Forecasting Software to Increase Your ROI | Demand Foresight

Happy New Year!  2013 looks to bring a whole host of new challenges and opportunities for businesses to differentiate themselves and to thrive in an increasingly more competitive marketplace – just like last year.  Brings to mind the old quote from Jean-Baptiste Alphonse Karr (although probably more familiar to people who are fans of Kenny Chesney or Jon Bon Jovi) – the more things change, the more they stay the same.

Using that quote as an incredibly clever transition device, whatever the challenges and opportunities before us, there are a few key basic truths and one of the them is that as business people we have a fiduciary responsibility to maximize the value of our businesses over time and that is often measured through increasing cash flow and pre-tax profitability (net profitability has become a much more complex conversation).

Therefore, to start the year, I thought we would revisit and refine the value proposition of dramatically reducing your forecasting error.  All of the research supports that in today’s operating environment, improved forecasting is the number one option available, from an operational S&OP point of view, to most effectively, measurably and quickly improve your value chain performance and therefore improve cash flow, return on capital and pre-tax profitability.

How specifically can improved forecasting improve value chain performance? Not necessarily in order of importance or impact, improved forecasting should allow you to

  1. Increase revenues because:
    • Sales focus on their most profitable customers and products
    • Marketing more effectively supports sales and brand strategies
    • Customer service increases because there are less out-of-stocks
  2. Improve utilization of working capital because:
    • Inventories are reduced closer to what is needed
    • Raw materials, components and finished goods are purchased more in line with optimized production or deployment plans
    • Order to cash cycle times are greatly reduced
  3. Improve Return on Capital Employed because greater accuracy allows for more effective:
    • Master Scheduling of plant and materials (and personnel but often this is not included in capital calculation)
    • Constrained Planning
    • New asset / capital investment

These represent what can be improved – no doubt you are asking to what degree can I improve my returns on investment and capital employed and cash flow and pre-tax profitability.

Results are obviously dependent on the exact situation within each company however as a general rule of thumb, our experience shows that a 25% reduction in forecast error translates into a minimum 5% improvement in pre-tax profitability.

However, perhaps more compelling, independent research shows equal or greater impacts.


Dr. Hau Lee is the Thoma Professor of Operations, Information, and Technology at Stanford University; Co-director of The Stanford Global Supply Chain Management Forum; Director of Managing Your Supply Chain for Global Competitiveness Executive Program.

Given Dr. Lee’s long term research and cooperation with client companies, the impact of improving forecasting and focusing on demand drivers is significant.

“Distorted information from one end of a supply chain to the other can lead to tremendous inefficiencies: excessive inventory investment, poor customer service, lost revenues, misguided capacity plans, inactive transportation, and missed production schedules.”

 “I have already seen some companies using new software tools to manage their businesses based on demand, with results ranging between 50% and 100% in net profit increases, which in turn can easily be translated into enormous increases in shareholder and market values.”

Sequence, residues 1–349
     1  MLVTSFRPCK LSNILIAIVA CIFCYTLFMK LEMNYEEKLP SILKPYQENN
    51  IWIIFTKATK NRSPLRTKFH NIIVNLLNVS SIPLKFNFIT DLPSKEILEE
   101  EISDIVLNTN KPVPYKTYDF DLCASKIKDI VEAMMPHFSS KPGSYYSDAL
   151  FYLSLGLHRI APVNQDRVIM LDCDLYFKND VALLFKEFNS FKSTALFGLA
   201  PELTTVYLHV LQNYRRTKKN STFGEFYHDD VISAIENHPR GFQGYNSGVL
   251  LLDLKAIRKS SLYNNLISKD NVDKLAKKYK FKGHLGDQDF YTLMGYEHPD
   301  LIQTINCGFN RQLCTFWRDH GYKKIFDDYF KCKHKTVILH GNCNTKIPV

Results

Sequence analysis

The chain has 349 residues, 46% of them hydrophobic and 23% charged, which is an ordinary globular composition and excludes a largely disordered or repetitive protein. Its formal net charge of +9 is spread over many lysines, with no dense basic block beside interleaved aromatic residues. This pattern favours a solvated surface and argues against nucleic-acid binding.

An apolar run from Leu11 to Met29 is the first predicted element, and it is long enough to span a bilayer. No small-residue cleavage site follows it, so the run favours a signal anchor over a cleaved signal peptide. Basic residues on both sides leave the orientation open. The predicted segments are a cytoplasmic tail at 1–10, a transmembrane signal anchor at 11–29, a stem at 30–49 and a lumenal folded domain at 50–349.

Dr. John T. (Tom) Mentzer was the Harry J. and Vivienne R. Bruce Chair of Excellence in Business in the Department of Marketing, Logistics and Transportation at the University of Tennessee. He was a prolific researcher and author with 5 books on value chain excellence and competitive differentiation not to mention hundreds of articles to his name.

Dr. Mentzer extended his research, through the help of many colleagues and collaborators, to the measurable on a company’s performance. The single most clarifying result of improved forecasting highlight by Dr. Mentzer:

An increase of shareholder value of 15% or more!

Lastly, we refer to the Gartner Group which includes the recently merged business/supply chain analysts from AMR Research. There are a host of strong practitioners such as Noha Tohamy, Tim Payne, Mike Griswold, Dennis Gaughin, and Steve Steuterman just to name a few. Since January 2011 they have published a large number of research papers and articles that highlight the impact of improved demand forecasting. Their cumulative research has pointed to some significant findings.

Gartner’s measurable impacts of improved forecasting and demand planning:

  • 1% to 3% revenue increases
  • 15% to 30% inventory reductions
  • 20% to 30% order fill rate increases (Demand Foresight note – important to do 2 and 3 simultaneously)
  • 10% to 15% decreases in obsolete inventory
  • 3% to 5% increases in gross margin

Do you have an aggressive revenue, margin, cash flow and profitability plan for 2013 and/or for a number of years ahead? Are you mixing it up with aggressive and creative competition? Trying to differentiate your company and yourself?

I hope that as we kick off 2013 and all the possibilities and potentials still lie in front of us, you will take to heart that one of the most powerful investments you can make (and should make given fiduciary responsibility) that will have an immediate and long term positive impact on your performance (intentionally left blank – your company? Yours?)  is the investment in dramatically improving forecasting accuracy.

Looking forward to the conversations that are coming up.


Interpreting market data for use in demand forecasting and planning

Rewind to just a few days ago – January 19, 2012. “Housing Starts Rise 4.4%,” reported National Mortgage Professional magazine. Meanwhile, Bloomberg takes a different stance reporting “U.S. Housing Starts Drop 4.1%, Worse Than Forecast.“ When you dig deeper into the articles you’ll find each of sources were actually reporting on the same data but  with the sensationalist headline most appealing to their readers.